There have been changes and we do not apparently need your services anymore. Es tut mir leid, viel Glück! I’m sorry, good luck.
I eventually decided to stay for three months anyway.
I enrolled in a German course, spoke all the German I could, without dismissing the practice of English, French and Spanish whenever I had the chance.
When autumn began, I moved to Spain.
How to learn French: the Spanish age begins
I arrived just in time to enrol to the French course offered by the Escuela Oficial de Idiomas (EOI) of my city.
To the most basic level.
I could have done a placement test in order to start straight at the second, third or forth of six levels (covering from A1 to B2). But I haven’t done it.
#1 I had no degree in Astrophysical Neurogenetic Engineering to help me understand the bureaucratic machinery in place at the EOI. 🤯
#2 After a time off, I wasn’t sure it could be a good idea to skip some levels.
In hindsight, it was clear I had underestimated my proficiency.
I have to say I had the chance to meet good teachers.
First course: French A1
In my first year, we have used these textbooks:
Alter Ego A1, textbook and workbook, by Hachette FLE: they’re good.
They also can be used as self-teaching tools, although originally conceived to be used in a classroom environment.
Then, Vocabulaire en dialogues. A1-A2, by CLE International: it’s so good, I literally burnt the CD. Very easy to use on your own.
Second course: French A2
Now, the textbooks and the workbooks for the second year were the following:
Once again, the choice was good.
The Alter Ego A2, by Hachette FLE, is as good as the A1, even better if you go through it with a teacher.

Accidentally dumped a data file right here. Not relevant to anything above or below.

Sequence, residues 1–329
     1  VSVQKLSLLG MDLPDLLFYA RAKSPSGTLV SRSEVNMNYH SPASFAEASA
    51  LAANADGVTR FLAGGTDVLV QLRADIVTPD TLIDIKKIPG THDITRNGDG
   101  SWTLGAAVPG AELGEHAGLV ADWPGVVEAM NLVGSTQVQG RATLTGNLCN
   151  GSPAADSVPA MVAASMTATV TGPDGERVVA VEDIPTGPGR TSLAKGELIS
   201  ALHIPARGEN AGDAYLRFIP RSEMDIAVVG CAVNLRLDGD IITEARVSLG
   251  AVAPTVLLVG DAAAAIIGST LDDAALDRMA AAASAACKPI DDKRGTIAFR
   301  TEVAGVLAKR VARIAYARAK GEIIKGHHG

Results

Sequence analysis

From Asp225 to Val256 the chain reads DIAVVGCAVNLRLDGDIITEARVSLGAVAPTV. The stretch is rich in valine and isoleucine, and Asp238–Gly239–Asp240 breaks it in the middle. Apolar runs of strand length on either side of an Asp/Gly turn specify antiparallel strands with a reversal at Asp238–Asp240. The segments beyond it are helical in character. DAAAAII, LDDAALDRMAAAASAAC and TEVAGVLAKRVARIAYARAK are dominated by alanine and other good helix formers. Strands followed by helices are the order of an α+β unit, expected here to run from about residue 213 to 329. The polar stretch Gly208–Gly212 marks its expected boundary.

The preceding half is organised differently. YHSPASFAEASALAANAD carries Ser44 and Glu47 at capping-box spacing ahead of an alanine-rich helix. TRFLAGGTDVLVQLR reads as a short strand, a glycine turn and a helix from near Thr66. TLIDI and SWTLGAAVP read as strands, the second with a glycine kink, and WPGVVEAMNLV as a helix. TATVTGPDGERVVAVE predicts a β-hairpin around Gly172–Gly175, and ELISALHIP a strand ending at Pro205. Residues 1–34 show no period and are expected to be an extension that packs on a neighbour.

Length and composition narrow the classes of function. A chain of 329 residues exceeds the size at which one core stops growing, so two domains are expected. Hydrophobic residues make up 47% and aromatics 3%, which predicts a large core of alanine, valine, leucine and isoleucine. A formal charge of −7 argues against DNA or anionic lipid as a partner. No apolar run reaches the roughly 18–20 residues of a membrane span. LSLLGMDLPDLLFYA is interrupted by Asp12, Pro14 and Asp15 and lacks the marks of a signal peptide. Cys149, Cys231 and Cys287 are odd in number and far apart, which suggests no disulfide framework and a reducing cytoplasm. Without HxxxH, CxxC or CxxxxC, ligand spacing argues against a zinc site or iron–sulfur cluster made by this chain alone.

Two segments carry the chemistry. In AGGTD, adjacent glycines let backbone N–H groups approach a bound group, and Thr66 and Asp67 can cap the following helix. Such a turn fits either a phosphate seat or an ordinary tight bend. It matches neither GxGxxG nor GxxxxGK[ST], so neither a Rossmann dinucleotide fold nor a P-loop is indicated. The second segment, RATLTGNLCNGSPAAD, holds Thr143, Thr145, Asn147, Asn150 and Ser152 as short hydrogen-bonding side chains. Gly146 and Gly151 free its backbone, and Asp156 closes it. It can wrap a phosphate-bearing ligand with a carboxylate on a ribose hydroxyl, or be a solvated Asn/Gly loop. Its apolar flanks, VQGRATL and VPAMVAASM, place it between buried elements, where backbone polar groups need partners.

The Grammaire Progressive Du Français, by CLE International, is marvellous and can be perfectly used in an autodidact way.
On the path towards the A2, it wouldn’t harm to keep reading narrative.
The books I deemed more useful were these:
So, thanks to:
- this study plan,
- watching movies OWS (Original With Subtitles),
- exchanging with native or fluent French speakers,
- using it in the office,
at June that year I passed the A2.2 exam, aka Basic French.
It was effortless, and that made me reflect.
An exam should not be an insurmountable task. Nevertheless, there must be a degree of neuronal effort, or there’s no learning.
This was the maintenance plan under the Spanish sun: 🌞
- chitchatting with the French pouring down for their holidays,
- reading light stuff,
- spending two weeks in Marseille.
At the end of September, there was the B1.1 French course waiting for me.
Third course: French B1
The textbooks were good again: Alter Ego – Niveau B1 by Hachette FLE, and Grammaire Progressive du Français – Niveau perfectionnement by CLE International:
As already mentioned, the Alter Egos are better used with the aid of a teacher, whereas la Grammaire Progressive du Français is just perfect for self-learners.
But there was something wrong.
It seemed to be there was too big a gap between my French and that of my classmates.
I was bored to death.
How to study French: back to self-teaching
The Escuela Oficial de Idiomas is a great institution, no doubt.
Flexibility, however, is not one of its defining features.
If you’re faster – or slower – than your mates, you can’t step to another level anyway. 😠
So, I decided to take my learning destiny in my own hands:
#1 I devoured the textbooks for the B1 level.
#3 I kept on working with the very beneficial Grammaire Progressive du Français – Niveau perfectionnement by CLE International.
And now I could eventually read something solid.
In a few cases, I overshoot the mark, with books I wouldn’t be able to read for years yet.